October 2019 Indie Next List
“Rene Denfeld has done it again: written a mystery that sucks you in and thoroughly absorbs you until you’re done. We pick up the story with Naomi Cottle, who has been searching for the sister she left behind when she escaped the clutches of their childhood kidnapper. Haunted by guilt, her search leads her back to her hometown, where a number of young girls have been murdered. By chance or by fate, she encounters Celia, a 12-year-old girl living on the streets who may be the key to everything—including finding her sister and a rapacious killer. Heart-wrenching, thought-provoking, and utterly unputdownable, this really should be the gold standard for mysteries.”
— Destinee Hodge, East City Bookshop, Washington, DC
The Butterfly Girl is a riveting novel that ripples with truth, exploring the depths of love and sacrifice in the face of a past that cannot be left dead and buried.
A year ago, Naomi, the investigator with an uncanny ability for finding missing children, made a promise that she would not take another case until she finds the younger sister who has been missing for years. Naomi has no picture, not even a name. All she has is a vague memory of a strawberry field at night, black dirt under her bare feet as she ran for her life.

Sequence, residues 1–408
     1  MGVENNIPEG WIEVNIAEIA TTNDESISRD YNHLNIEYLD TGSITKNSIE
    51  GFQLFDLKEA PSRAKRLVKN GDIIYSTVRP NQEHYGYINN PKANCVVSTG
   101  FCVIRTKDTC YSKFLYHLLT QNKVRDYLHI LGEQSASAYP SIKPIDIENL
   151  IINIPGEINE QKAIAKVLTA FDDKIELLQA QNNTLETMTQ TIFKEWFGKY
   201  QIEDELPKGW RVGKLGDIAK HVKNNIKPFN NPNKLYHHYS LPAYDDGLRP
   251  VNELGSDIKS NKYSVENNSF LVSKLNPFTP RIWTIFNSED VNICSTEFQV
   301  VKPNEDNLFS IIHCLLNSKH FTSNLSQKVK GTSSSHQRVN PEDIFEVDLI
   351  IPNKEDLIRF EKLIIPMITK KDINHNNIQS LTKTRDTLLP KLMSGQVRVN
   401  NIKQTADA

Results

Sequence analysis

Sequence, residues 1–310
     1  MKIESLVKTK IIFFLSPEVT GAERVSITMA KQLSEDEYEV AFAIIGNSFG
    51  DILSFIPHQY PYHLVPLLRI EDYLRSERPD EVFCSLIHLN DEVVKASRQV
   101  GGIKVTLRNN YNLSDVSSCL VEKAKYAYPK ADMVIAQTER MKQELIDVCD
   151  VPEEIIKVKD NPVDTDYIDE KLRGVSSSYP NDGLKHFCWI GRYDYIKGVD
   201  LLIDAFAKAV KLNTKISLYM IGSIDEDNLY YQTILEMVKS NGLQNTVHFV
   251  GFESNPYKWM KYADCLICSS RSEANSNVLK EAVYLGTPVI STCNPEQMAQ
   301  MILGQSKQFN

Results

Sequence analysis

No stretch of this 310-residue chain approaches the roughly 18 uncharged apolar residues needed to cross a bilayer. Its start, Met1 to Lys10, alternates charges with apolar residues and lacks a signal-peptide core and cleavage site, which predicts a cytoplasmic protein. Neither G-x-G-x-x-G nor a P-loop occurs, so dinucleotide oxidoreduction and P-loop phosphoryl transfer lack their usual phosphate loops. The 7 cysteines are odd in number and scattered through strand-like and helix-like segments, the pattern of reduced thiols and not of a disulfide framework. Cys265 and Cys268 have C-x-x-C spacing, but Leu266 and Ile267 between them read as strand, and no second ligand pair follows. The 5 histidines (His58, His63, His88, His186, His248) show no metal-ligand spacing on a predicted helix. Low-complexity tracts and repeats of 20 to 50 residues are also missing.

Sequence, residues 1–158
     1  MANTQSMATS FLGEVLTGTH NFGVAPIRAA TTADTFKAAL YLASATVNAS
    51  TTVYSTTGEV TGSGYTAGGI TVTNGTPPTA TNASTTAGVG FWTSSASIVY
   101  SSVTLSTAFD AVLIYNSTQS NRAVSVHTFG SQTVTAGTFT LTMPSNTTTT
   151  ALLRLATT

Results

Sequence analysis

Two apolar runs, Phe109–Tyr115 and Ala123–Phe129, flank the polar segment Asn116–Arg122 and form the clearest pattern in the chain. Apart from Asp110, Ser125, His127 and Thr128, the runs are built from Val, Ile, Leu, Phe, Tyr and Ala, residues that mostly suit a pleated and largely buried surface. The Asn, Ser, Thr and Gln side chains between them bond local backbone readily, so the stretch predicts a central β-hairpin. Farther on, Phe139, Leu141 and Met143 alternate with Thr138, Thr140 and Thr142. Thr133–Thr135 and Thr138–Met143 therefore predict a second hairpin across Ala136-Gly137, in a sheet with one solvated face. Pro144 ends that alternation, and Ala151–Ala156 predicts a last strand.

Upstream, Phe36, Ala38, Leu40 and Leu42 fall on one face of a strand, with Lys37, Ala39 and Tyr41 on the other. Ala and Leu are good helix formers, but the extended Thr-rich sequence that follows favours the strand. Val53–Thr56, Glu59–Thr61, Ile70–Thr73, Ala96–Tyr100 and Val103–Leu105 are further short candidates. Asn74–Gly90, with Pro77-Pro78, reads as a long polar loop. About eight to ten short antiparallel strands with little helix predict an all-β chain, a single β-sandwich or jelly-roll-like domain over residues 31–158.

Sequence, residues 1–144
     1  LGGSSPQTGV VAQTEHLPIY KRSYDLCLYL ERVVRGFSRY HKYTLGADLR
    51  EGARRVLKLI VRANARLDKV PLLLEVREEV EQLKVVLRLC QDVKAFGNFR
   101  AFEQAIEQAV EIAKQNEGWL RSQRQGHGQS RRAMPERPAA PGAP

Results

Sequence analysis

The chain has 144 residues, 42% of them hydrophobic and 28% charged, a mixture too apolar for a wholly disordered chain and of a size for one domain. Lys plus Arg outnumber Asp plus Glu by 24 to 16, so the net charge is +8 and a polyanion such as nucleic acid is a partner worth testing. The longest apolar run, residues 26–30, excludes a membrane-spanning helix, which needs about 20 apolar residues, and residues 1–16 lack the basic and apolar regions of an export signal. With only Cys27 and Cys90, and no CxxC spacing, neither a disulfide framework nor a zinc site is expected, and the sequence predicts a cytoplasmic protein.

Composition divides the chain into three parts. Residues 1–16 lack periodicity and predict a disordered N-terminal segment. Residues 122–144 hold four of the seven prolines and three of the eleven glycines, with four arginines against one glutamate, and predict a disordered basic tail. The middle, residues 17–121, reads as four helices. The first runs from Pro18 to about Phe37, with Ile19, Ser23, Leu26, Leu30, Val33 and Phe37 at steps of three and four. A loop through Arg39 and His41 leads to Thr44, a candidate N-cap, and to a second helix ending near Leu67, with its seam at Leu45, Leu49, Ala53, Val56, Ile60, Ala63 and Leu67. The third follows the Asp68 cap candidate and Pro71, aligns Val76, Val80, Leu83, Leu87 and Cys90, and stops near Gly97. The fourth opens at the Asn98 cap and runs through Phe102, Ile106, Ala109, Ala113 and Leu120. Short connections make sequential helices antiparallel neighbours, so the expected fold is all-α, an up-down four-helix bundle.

The search takes her to Portland, Oregon, where scores of homeless children wander the streets like ghosts, searching for money, food, and companionship. The sharp-eyed investigator soon discovers that young girls have been going missing for months, many later found in the dirty waters of the river. Though she does not want to get involved, Naomi is unable to resist the pull of children in need--and the fear she sees in the eyes of a twelve-year old girl named Celia. Running from an abusive stepfather and an addict mother, Celia has nothing but hope in the butterflies--her guides and guardians on the dangerous streets. She sees them all around her, tiny iridescent wisps of hope that soften the edges of this hard world and illuminate a cherished memory from her childhood--the Butterfly Museum, a place where everything is safe and nothing can hurt her.
As danger creeps closer, Naomi and Celia find echoes of themselves in one another, forcing them each to consider the question: Can you still be lost even when you've been found? But will they find the answer too late?